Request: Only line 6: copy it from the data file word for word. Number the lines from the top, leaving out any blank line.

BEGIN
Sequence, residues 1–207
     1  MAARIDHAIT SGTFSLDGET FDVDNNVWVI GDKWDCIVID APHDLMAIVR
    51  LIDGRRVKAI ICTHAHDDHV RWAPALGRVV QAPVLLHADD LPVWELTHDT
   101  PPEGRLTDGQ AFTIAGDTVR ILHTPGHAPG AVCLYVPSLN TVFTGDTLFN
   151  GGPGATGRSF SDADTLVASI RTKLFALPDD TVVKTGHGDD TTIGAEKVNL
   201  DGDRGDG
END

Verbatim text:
   201  DGDRGDG